In spite of many difficulties, Davidson managed to establish trade with Britain and the Mediterranean markets and West Indies.

In 1773 Davidson brought out from Britain a master builder, shipwrights and other craftsmen. His men built the first ship to be launched on the Miramichi. Named the "Miramichi" it was a schooner of 300 tons. Loaded with salmon and cod for the Mediterranean, the vessel was lost off the coast of Spain. At least two other ships built by Davidson were shipwrecked as well.

The American revolution interfered with the shipping which took Davidson's exports out and brought supplies in. The Indians were encouraged to attack the British settlers and the raids were carried on from 1775 until peace was declared in 1783. This situation was very discouraging for Davidson who had established in ten years the industries of fishing, lumbering and ship building and had just signed a contract to supply fish and timber at a guaranteed price for seven years. This was the beginning of the province's lumber industry.

Because he could not export his fish or lumber on account of the risk of it falling into the hands of American privateers, he gathered up his workmen and settlers in 1777 and moved to the established Maugerville township on the St. John River where they lived until 1783. During the war he got out white pine for masts for the Royal Navy. This was the beginning of the province's masting industry.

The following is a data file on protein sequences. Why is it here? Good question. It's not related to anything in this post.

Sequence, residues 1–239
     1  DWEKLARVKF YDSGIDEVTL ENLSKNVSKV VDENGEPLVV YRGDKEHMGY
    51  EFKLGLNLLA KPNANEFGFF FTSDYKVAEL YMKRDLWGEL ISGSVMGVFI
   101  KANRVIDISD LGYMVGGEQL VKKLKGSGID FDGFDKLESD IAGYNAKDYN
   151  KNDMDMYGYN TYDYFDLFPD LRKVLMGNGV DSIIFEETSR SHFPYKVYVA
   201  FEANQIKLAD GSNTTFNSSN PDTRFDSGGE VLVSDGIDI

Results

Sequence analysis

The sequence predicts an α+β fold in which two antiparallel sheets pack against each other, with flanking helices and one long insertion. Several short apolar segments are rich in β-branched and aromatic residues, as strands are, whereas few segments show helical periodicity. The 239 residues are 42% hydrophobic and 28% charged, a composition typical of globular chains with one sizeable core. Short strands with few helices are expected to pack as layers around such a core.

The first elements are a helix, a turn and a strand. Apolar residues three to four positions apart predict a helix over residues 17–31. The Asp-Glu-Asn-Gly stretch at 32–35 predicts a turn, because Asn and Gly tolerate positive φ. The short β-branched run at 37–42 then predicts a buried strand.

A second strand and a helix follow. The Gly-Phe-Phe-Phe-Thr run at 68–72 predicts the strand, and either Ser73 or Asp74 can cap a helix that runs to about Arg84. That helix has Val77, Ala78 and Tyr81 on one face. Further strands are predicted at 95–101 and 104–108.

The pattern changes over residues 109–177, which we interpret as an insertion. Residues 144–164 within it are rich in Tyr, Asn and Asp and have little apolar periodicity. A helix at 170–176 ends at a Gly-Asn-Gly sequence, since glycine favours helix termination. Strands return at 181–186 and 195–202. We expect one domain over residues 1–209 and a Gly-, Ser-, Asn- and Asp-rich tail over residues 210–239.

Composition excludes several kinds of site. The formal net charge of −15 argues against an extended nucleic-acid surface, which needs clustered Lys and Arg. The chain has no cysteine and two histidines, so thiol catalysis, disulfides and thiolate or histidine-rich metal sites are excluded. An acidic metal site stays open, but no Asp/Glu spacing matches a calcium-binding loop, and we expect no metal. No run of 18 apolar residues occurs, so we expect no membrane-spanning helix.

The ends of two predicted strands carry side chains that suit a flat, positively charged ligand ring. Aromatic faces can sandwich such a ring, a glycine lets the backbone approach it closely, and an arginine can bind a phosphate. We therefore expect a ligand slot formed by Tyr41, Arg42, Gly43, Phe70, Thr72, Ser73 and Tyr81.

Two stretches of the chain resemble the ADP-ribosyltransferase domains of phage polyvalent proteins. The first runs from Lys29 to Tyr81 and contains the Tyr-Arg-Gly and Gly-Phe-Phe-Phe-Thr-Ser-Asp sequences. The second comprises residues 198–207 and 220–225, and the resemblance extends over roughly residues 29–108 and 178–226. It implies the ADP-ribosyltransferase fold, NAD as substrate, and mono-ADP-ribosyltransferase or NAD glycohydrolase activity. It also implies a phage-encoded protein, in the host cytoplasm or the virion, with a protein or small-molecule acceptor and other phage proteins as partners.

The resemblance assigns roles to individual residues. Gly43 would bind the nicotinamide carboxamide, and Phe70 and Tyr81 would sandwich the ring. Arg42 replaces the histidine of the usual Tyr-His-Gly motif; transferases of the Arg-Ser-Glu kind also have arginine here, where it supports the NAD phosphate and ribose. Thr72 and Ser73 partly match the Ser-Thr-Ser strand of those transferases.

Once Again A Wilderness

When Davidson returned to the Miramichi with his wife Sarah, whom he had met in Maugerville, he found his stores, buildings, and fishing craft and equipment had been destroyed. Beaubair's Island and the whole Miramichi Valley was again Wilderness.

Nevertheless, the production and export of timber was resumed and saw mills were established. Davidson had accomplished a great deal in spite of almost insurmountable odds. He had established a fishery, built ships, developed a farm at Strawberry Marsh, began the clearing of Beaubair's Island for a sheep pasture. He had cleared twelve acres of land and put up some buildings at Beaubair's Point, where the town was to be situated. He had also cleared twelve acres under cultivation near his house at Elm Tree which he had built after the war.